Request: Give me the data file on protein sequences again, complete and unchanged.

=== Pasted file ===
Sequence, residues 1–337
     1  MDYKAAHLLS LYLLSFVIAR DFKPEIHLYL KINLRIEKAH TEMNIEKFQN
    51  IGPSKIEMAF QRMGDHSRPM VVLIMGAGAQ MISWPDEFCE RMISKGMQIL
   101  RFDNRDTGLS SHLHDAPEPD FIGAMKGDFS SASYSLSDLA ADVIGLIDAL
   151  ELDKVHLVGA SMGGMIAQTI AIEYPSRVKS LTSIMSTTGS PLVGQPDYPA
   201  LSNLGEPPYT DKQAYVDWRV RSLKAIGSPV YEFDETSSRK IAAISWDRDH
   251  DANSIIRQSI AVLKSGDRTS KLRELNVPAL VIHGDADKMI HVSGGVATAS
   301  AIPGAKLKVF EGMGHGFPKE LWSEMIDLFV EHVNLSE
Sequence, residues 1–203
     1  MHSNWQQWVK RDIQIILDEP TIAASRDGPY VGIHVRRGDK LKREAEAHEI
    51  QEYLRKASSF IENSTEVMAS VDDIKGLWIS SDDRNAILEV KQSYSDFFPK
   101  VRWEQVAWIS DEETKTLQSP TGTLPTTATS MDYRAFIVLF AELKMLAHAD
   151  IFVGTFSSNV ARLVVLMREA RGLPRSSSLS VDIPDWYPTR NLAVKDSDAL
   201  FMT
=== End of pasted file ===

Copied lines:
Sequence, residues 1–337
     1  MDYKAAHLLS LYLLSFVIAR DFKPEIHLYL KINLRIEKAH TEMNIEKFQN
    51  IGPSKIEMAF QRMGDHSRPM VVLIMGAGAQ MISWPDEFCE RMISKGMQIL
   101  RFDNRDTGLS SHLHDAPEPD FIGAMKGDFS SASYSLSDLA ADVIGLIDAL
   151  ELDKVHLVGA SMGGMIAQTI AIEYPSRVKS LTSIMSTTGS PLVGQPDYPA
   201  LSNLGEPPYT DKQAYVDWRV RSLKAIGSPV YEFDETSSRK IAAISWDRDH
   251  DANSIIRQSI AVLKSGDRTS KLRELNVPAL VIHGDADKMI HVSGGVATAS
   301  AIPGAKLKVF EGMGHGFPKE LWSEMIDLFV EHVNLSE
Sequence, residues 1–203
     1  MHSNWQQWVK RDIQIILDEP TIAASRDGPY VGIHVRRGDK LKREAEAHEI
    51  QEYLRKASSF IENSTEVMAS VDDIKGLWIS SDDRNAILEV KQSYSDFFPK
   101  VRWEQVAWIS DEETKTLQSP TGTLPTTATS MDYRAFIVLF AELKMLAHAD
   151  IFVGTFSSNV ARLVVLMREA RGLPRSSSLS VDIPDWYPTR NLAVKDSDAL
   201  FMT